Licensing a python module
cinly.ooi at gmail.com
Thu Apr 24 09:39:33 UTC 2008
On 24/04/2008, Matthew Flaschen <matthew.flaschen at gatech.edu> wrote:
> Dan Stromberg wrote:
> > I'd like to use it in a program I'm writing for my employer, and they
> > seem cautious about the GPL. If a program I write on my employer's time
> > uses a python module that is GPL, does that mean the program must also be
> > GPL?
> If you work as a programmer/software engineer/reasonably related
> profession, it's quite possible that the module already belongs to your
> employer. It might even if your occupation were unrelated to software.
> This would all depend on your employment contract and your jurisdiction.
First thing first, IANAL.
The copyright is usually, by default, owned by your employer. GPL's
provision does not kick in unless you distribute it, i.e., give the module
to a third party. With GPL, there is no transfer of copyright, i.e. your
employer or you still own the copyright, but there are restrictions on
If the employer does own it, you may not have had permission to license it
> under GPL to begin with. I would recommend clearing this up first.
> Or is that just for linking in the C sense?
> As people have noted in the past, GPL is bound by copyright law, which
> ultimately determines whether a work is derivative of another. We can't
> give you a definitive answer on this.
It is not that we are evading this question, but the issue is rather
complex. You need to ask your lawyer for a legal opinion.
In general, do not assume it is linking in whatever sense.
Does anyone know the in's and out's of relicensing a python module this way?
> If you do own the copyright, you can license it under as many (or few)
> licenses as you'd like, in any order. Thus, there's no problem with adding
> a separate license.
I do not think the issue is that simple, especially if your program uses
other programs as building block as you will have obligations for using
those programs. Again, ask your lawyer.
And what license do most python modules use?
> Don't know.
That really does not matter. What matters is the licenses you get when you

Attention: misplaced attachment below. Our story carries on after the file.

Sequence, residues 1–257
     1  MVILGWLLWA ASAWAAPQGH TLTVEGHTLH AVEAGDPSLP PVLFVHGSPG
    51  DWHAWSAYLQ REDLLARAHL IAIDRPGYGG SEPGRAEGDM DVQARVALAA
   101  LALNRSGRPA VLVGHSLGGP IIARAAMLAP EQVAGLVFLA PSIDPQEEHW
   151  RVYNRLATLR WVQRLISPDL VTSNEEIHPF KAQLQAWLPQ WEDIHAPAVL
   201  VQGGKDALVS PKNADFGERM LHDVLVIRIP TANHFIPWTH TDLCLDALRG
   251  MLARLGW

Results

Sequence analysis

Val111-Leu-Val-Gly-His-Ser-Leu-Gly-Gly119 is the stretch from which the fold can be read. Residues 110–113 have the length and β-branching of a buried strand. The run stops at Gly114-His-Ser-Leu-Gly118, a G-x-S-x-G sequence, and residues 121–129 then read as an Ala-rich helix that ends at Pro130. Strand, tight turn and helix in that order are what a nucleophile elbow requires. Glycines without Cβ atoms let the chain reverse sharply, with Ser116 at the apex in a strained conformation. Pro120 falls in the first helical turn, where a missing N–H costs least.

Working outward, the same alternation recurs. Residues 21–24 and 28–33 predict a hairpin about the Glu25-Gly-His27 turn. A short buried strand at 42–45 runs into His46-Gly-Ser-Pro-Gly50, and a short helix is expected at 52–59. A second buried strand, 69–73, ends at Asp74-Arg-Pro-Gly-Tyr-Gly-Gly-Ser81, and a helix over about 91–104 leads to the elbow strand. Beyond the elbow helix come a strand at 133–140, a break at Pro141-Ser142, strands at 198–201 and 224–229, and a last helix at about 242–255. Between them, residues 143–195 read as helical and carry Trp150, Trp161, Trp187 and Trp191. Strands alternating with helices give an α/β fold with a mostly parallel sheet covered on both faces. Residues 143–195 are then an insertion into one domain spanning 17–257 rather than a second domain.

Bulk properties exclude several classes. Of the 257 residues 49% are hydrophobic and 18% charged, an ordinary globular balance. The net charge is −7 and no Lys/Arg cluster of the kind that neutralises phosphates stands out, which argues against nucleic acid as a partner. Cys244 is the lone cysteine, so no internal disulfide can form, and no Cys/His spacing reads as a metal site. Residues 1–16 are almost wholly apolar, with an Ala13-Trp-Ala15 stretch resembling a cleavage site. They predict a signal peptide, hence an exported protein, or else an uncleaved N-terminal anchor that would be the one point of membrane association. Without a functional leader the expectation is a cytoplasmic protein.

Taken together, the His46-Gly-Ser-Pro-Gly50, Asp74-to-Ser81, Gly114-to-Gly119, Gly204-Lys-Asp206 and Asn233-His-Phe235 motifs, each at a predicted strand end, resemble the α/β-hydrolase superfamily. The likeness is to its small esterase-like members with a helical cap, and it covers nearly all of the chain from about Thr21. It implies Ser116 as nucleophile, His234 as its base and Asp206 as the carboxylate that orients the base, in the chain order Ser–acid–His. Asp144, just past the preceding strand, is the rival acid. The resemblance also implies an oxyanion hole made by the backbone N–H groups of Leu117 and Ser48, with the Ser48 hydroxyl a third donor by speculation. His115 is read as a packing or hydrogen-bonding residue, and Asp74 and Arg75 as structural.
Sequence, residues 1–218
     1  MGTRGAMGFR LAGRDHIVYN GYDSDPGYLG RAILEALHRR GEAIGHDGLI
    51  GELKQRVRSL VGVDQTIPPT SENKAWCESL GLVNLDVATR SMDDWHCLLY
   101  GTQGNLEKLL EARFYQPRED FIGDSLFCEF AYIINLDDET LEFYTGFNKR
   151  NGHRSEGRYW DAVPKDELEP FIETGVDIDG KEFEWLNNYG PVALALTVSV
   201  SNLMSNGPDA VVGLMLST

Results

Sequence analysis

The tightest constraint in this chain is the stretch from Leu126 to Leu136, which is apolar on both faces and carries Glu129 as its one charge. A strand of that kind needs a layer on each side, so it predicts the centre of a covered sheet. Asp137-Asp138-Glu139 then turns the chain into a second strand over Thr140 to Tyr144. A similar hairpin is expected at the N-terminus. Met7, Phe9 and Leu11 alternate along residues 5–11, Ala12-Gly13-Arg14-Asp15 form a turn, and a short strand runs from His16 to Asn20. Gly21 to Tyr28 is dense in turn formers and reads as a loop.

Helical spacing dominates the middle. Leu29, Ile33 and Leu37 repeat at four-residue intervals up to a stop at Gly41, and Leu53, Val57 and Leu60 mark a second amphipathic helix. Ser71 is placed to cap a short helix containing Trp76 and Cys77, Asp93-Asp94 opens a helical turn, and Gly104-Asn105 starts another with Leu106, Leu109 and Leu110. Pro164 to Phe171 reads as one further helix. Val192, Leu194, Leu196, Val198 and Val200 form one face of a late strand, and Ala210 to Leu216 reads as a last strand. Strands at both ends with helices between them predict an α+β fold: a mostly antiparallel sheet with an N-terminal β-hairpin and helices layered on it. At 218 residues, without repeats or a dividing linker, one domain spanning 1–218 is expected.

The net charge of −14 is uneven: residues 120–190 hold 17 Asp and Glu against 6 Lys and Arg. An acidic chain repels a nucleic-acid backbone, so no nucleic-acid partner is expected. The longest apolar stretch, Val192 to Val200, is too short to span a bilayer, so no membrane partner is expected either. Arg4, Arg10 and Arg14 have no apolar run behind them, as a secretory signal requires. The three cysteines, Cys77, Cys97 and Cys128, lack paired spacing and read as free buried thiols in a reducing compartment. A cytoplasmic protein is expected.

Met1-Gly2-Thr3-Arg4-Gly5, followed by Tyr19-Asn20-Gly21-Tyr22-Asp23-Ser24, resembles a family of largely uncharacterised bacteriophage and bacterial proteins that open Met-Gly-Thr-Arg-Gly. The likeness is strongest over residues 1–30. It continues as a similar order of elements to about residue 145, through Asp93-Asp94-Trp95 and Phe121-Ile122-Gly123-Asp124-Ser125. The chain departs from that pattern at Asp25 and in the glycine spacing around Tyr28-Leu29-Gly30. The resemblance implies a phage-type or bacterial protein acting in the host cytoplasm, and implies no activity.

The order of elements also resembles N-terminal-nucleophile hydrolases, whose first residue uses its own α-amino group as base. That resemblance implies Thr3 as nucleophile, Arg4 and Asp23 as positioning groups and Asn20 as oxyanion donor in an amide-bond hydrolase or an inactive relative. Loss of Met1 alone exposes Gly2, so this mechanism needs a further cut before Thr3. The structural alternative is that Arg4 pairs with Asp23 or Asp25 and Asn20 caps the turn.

license those modules that you use in your python module. You have to make
sure they do not conflict with each other.
It is also not a defense to assume your python modules came with the most
popular python module license if it does not come with any notice. You have
the obligation to find out the license your python module uses or otherwise
you do not have any right to use it under the law.
Moreover, this is a complex question. Python website will have information
on the license python uses. Python modules' main repository site will
probably give you a statistics picture of which is the most popular license
for all modules inside it. Even then, it does not take into account modules
in the wild. Moreover, the python module repository site may restricting
itself to modules on certain licenses only.
How hard would it be to take a GPLv2 python module and relicense it to GPLv2
> > and something else just for my employer?
> IANAL, but all you'd have to do is give your employer a separate copy of
> the code (or really just a notice), with an exclusive non-sublicensable
IANAL, the situation is not that clear cut. Flaschen's method looks OK for
non lawyers like me. It also looks like the way MySQL is doing. However,
your problem is the license of the python modules you used in your module
might restrict what you can do. You need to ask your lawyer.
You might have to have your own lawyer independent of your employer's in
this case. Doing this separate license to employer thing means you is doing
the distribution.( If your employer agree to such a licensing scheme, they
had conceded that you own the copyright. ) You have to understand that if
GPL kicks in, it is you who have the obligation to your module provider(s),
NOT your company. Your company lawyer would be there to defend the company,
not you personally. He or she might work against you to defend the company.
-------------- next part --------------
An HTML attachment was scrubbed...
More information about the License-discuss